China’s Dementia Challenge
Around 10 million people in China are suffering from dementia. Is the government adequately prepared?
March 27, 2016
At a speed unanticipated some years ago, China’s government is facing the challenge of having to care for increasing numbers of dementia patients. This is due to a large extent by a parallel increase in aging patients.
Life expectancy was 45 in 1960, it is 77 now. While one in six persons is over 60 now, by 2025 one in four will be.
Despite the fact that China now has nine million people with some form of dementia, the government is not yet prepared to deal effectively with this situation.
Dementia covers a broad category of brain diseases that cause a long term and frequently gradual decrease in the ability to think and remember things in their daily life, affecting people from all social and economic conditions.
Language, emotional problems and a decrease in motivation are other common symptoms of this troubling condition.
The historical roots
Dementia has been mentioned in medical texts since antiquity. In the 7th century BC, the Greek philosopher and mathematician Pythagoras describes the “senium” period of mental and physical decay — the years after the age of 73 years old.
Aristotle and Plato also spoke of mental decay in advanced age and viewed it as an inevitable process that affected old men and women and that couldn’t be prevented.
Old Chinese medical texts also mention this deterioration of the intellectual faculties as the age of the “foolish old person.” Byzantine physicians also wrote about dementia, and mentioned at least seven emperors older than 70 who displayed signs of cognitive decline.
In Hamlet and King Lear, Shakespeare mentions the loss of mental function in old age.
Dementia was relatively rare before the 20th century, because such lifespan was uncommon in preindustrial times.
Following WWII, there was an increase in life expectancy, and the number of people over 65 in developed countries started to increase rapidly. So did dementia.
Alzheimer’s disease is the most common type of dementia, which makes up between 50 and 70% of cases. Other kinds of dementia include vascular dementia, Lewy body dementia and front temporal dementia.
The other types of dementia are much less frequent. Sometimes more than one type of dementia may exist in the same person.
In a small number of cases, dementia may run in families. It is one of the most common causes of disability and poor health (morbidity) among older people.
Globally, dementia affects almost 40 million people. Ten million of those are in China. The incidence of dementia is 3% in people between the ages of 65 and 74, 19% in those between 75 and 84, and nearly 50% in those over 85 years of age.
It is estimated that the incidence rate of dementia will increase by 100% in the coming 20 years. Before a person with dementia dies, he or she may go through several years of incapacity.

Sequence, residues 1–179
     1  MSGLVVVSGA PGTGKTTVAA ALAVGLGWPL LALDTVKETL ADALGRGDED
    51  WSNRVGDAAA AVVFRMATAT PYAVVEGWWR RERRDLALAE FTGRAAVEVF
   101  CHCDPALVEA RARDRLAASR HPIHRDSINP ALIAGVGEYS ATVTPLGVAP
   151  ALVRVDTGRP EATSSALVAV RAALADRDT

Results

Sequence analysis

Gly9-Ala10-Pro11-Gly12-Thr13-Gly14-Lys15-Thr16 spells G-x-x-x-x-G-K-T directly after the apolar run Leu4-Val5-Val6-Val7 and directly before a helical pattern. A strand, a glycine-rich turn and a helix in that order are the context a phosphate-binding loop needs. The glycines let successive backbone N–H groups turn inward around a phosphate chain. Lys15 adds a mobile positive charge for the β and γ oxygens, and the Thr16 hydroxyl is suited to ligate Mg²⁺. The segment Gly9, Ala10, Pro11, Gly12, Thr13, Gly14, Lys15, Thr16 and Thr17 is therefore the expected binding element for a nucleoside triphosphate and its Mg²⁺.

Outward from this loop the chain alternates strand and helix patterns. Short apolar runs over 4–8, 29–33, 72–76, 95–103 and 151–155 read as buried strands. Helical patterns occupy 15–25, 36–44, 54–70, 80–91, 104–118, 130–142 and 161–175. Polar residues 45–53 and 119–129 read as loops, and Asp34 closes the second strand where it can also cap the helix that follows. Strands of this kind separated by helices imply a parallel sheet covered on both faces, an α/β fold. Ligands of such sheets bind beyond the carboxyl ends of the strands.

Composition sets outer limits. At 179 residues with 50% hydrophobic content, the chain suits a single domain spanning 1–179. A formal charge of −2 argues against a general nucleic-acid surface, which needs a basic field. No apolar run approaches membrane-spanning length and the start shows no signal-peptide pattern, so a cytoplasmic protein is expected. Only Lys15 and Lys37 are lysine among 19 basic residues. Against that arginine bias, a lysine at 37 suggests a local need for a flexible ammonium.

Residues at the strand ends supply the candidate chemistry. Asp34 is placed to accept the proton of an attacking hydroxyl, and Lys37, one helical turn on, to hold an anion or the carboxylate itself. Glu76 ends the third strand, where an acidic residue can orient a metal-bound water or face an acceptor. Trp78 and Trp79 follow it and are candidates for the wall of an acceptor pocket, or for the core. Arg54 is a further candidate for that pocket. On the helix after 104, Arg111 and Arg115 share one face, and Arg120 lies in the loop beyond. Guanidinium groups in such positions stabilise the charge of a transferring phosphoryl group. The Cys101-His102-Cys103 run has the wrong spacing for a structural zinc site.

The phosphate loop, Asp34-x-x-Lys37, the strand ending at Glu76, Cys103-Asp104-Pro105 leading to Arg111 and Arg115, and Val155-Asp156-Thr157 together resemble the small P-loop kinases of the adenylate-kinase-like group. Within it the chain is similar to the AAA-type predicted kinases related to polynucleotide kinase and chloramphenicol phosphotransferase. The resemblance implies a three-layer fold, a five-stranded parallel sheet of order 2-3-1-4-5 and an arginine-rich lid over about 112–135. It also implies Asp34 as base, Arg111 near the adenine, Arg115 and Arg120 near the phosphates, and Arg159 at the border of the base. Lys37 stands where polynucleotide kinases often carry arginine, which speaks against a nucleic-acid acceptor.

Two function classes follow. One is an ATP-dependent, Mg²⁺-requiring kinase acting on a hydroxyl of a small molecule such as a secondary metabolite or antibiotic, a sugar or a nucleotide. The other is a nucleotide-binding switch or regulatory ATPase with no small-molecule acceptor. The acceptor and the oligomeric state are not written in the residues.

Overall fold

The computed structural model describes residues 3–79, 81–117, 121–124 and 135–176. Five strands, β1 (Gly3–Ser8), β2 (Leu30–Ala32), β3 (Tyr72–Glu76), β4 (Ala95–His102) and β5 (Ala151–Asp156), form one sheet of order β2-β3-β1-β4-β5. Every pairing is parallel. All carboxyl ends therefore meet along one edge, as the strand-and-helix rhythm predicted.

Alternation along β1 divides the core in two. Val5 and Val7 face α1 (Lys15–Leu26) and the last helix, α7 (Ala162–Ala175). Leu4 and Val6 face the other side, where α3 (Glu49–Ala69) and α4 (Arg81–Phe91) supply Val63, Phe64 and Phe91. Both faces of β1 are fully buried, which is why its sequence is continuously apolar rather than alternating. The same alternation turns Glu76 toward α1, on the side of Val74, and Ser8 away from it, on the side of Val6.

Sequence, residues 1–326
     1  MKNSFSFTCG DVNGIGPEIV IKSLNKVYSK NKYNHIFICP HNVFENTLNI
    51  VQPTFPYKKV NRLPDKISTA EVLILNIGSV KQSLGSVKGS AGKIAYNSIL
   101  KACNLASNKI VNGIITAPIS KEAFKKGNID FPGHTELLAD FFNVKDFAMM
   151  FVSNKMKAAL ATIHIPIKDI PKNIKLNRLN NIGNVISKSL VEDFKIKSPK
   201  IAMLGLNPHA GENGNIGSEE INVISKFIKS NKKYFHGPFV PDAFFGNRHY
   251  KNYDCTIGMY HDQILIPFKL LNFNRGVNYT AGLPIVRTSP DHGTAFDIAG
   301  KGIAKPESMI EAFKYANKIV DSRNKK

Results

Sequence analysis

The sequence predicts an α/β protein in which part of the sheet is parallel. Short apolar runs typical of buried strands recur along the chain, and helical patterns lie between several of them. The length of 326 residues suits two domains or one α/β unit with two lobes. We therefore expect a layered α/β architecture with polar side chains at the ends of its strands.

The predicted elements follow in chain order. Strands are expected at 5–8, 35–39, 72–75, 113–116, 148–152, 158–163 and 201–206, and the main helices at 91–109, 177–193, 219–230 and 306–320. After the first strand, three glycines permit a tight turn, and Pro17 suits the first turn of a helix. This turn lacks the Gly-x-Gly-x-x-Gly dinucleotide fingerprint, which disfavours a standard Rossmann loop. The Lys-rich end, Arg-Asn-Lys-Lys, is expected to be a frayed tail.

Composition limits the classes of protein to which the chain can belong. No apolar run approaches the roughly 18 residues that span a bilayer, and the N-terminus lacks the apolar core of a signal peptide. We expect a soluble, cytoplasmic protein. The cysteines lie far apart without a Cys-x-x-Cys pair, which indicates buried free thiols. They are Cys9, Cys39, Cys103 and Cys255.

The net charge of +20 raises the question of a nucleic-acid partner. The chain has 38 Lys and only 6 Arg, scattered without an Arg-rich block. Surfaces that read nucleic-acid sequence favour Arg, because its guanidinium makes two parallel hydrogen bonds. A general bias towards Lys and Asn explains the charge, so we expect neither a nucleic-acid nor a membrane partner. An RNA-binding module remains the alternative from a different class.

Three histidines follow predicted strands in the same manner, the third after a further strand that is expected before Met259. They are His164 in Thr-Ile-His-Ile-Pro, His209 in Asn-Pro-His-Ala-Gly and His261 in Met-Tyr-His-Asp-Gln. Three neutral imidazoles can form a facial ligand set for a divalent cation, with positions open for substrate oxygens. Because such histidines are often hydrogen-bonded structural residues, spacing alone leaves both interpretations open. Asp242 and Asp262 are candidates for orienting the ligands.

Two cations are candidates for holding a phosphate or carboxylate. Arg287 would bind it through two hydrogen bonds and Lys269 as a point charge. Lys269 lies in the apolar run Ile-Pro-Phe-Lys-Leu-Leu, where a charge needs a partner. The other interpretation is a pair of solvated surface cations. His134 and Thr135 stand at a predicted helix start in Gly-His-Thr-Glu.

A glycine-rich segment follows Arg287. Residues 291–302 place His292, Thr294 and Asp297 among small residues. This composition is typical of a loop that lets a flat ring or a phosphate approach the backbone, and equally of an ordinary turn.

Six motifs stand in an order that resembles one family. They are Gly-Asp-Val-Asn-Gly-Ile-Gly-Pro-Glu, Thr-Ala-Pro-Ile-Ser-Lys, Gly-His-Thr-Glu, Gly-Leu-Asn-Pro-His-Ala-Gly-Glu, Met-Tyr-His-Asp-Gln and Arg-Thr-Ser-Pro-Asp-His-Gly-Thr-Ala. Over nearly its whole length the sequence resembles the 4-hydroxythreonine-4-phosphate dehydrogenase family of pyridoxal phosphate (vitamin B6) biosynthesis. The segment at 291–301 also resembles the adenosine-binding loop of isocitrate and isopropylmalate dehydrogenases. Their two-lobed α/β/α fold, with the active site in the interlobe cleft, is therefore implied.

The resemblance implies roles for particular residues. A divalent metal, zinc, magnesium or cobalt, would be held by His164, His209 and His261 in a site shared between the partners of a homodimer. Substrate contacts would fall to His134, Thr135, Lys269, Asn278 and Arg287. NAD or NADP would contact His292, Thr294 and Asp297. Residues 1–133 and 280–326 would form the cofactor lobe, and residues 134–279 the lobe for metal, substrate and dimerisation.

Public awareness of dementia, particularly Alzheimer’s disease, increased greatly when former U.S. President Ronald Reagan announced in 1994 that he was suffering from the condition.
Today, although several more people know about dementia, those in China are lagging behind. Approximately 10 million people in China suffer from some form of dementia.
Even more seriously, family members frequently do not understand the condition, so that more than 90% of dementia cases go undetected.
There are few facilities for diagnosing and treating senile dementia and they are located at a few top hospitals. At the same time, there are only a few hundred doctors experienced enough to make an early diagnosis.
In addition, most nursing care facilities in China can’t offer appropriate care for patients with dementia. In Shanghai, for example, where an estimated 120,000 residents have some form of dementia, there are only a handful of nursing homes trained to care for these patients.
Dementia exacts a heavy burden on families and society. Because of its effect on families, dementia has been called a “family disease,” particularly because patients need long-term care.
In addition, dementia places a heavy economic burden on families. It has been estimated that the worldwide cost of dementia was $18 billion in 2015.
This figure includes both direct costs of medical and social care and those attributed to informal care.
Many countries have national plans or strategies and consider caring for dementia patients a national priority, and invest considerable resources in the different areas of care.
David Cameron, the UK’s Prime Minister, has called dementia a “national crisis,” since it affects 800,000 people in the United Kingdom alone.
The Chinese government should consider dementia as the national emergency it truly is. It should have a strategy of improved mass communication and education about the disease, training of physicians and health care workers on diagnosis and treatment, and development of a national plan of action that addresses the main needs of care for all cases of dementia.
More than 90% of dementia cases go undetected because family members don’t understand the condition.
There are around 120,000 dementia patients in Shanghai but very few nursing homes trained to care for them.
Dementia has been called a “family disease,” particularly because patients need long-term care.
The estimated worldwide cost of dementia was $18 billion in 2015.
The Chinese government needs to consider dementia as the national emergency it truly is.
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